Section 5, Lot 56 Dr. Henry Sanford Yost (1869-1946), a native of Fairview, graduated from Fairmont Normal and pursued his interests in eclectic medicine, graduating from the Eclectic College of Indianapolis in 1890. He opened an office in Fairmont in 1905. Eclectic medicine made use of noninvasive therapies and healing practices popular in the latter half of the 19th and early 20th centuries. The Eclectic physician aimed to provide healing therapies that were in harmony with the body’s natural curative properties. Dr. Yost primarily used plant-based drugs that were indigenous to the United States.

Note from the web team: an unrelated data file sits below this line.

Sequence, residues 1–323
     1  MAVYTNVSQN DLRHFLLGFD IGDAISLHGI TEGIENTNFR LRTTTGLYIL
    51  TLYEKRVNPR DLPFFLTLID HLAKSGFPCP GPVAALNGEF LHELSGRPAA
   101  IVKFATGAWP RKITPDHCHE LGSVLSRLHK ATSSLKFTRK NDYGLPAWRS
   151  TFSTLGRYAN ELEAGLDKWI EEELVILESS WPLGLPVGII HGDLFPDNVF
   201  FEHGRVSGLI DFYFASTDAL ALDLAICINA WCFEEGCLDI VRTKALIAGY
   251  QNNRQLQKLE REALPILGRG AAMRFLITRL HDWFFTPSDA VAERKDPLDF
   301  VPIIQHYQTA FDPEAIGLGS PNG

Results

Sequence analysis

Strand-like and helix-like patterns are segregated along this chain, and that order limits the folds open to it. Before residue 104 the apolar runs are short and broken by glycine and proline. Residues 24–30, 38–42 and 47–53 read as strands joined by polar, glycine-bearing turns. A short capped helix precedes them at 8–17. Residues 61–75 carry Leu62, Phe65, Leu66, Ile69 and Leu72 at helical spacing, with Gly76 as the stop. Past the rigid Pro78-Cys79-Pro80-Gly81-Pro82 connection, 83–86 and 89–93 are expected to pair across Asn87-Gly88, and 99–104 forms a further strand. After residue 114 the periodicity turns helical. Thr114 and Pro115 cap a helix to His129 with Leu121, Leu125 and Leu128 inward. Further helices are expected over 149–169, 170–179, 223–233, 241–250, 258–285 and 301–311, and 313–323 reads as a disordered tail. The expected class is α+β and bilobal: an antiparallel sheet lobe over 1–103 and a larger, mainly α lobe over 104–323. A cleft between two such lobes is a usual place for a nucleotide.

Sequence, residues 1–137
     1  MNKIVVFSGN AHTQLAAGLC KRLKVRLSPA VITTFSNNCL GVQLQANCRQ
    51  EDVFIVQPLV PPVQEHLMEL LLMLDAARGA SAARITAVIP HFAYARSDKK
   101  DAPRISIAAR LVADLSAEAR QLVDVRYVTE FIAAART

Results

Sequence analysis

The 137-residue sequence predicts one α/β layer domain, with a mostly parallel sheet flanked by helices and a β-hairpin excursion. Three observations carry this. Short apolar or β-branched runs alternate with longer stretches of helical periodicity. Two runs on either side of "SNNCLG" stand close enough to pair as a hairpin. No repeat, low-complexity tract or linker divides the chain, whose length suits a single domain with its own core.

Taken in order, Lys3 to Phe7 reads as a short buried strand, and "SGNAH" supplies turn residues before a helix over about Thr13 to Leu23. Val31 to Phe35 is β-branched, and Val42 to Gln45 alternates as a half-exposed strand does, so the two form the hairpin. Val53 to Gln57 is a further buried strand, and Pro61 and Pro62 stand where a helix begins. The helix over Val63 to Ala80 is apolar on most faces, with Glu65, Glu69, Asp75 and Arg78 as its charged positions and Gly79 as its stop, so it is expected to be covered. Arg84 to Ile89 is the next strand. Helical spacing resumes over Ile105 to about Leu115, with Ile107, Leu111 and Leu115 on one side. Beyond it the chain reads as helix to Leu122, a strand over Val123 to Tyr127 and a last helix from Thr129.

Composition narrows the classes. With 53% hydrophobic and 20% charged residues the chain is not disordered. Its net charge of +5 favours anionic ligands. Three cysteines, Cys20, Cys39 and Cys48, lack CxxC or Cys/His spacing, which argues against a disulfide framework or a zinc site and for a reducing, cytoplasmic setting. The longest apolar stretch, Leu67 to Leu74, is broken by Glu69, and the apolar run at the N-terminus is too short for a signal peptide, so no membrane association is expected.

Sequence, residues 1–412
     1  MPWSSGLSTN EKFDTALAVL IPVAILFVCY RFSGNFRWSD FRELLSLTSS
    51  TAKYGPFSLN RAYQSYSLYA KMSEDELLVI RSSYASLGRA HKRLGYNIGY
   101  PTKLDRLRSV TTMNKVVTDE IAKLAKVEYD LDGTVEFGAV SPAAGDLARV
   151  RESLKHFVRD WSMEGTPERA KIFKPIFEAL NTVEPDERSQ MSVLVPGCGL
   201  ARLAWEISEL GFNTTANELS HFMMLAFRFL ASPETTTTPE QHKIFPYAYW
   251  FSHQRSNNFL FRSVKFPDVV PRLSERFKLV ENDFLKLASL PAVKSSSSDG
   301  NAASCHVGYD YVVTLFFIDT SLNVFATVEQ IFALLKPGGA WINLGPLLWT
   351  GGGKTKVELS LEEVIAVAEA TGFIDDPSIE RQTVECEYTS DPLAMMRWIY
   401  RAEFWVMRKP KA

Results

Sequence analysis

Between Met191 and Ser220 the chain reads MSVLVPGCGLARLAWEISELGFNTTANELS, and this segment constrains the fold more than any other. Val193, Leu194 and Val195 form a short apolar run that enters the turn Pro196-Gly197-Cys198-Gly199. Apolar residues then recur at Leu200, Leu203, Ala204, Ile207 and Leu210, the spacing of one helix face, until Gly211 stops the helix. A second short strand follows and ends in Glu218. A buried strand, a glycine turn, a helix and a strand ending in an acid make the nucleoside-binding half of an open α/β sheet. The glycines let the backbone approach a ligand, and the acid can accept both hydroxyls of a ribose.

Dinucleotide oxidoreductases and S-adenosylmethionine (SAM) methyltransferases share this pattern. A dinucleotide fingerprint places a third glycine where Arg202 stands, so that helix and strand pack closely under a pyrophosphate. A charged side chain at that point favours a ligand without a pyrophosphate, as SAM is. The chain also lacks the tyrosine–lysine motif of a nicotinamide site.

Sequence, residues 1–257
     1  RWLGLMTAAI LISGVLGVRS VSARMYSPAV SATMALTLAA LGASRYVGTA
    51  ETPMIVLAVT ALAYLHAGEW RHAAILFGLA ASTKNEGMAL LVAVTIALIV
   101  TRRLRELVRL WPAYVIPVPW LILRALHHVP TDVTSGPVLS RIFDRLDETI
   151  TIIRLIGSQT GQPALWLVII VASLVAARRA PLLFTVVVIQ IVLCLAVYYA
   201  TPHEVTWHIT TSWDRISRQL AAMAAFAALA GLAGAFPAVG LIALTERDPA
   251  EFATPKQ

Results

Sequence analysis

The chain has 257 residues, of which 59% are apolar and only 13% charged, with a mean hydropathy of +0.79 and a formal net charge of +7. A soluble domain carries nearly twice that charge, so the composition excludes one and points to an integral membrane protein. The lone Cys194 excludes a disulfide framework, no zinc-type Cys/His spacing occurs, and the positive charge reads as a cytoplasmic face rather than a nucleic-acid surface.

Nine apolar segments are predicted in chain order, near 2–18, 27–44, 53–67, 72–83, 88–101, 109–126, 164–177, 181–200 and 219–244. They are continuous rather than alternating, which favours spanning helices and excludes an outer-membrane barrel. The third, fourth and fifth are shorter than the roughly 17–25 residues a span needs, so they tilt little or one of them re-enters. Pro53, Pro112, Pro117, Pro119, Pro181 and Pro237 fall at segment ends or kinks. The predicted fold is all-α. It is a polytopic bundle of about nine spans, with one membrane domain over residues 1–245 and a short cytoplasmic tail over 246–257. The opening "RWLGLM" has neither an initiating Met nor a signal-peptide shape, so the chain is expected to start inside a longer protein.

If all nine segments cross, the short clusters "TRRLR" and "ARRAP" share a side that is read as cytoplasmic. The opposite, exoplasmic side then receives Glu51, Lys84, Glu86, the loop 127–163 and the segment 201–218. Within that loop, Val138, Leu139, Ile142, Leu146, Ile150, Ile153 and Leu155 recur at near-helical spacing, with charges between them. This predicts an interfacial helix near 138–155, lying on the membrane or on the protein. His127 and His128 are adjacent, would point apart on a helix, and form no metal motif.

Section 2, Lot 579 J. Clark Miller (1864-1961) was senior bookkeeper and accountant at Cook Hospital starting in 1903. Mr. Miller can be seen in many photographs taken of the graduating nursing classes at Cook in the 1920s. Miller helped transition the hospital to a non-profit community hospital after Dr. Cook’s death and later supervised the transfer of ownership to the City of Fairmont in the late 1930s when Hill-Burton funding allowed the City to construct Fairmont General Hospital on Locust Avenue.
Section 2, Lot 734 Judge Emmett M. Showalter (1869-1949), Judge of the Criminal Court, U.S. District Attorney, President of the B.O.E. during the building of many county schools. He began his legal career as partner in Showalter & Frame but left in 1921 when he became judge.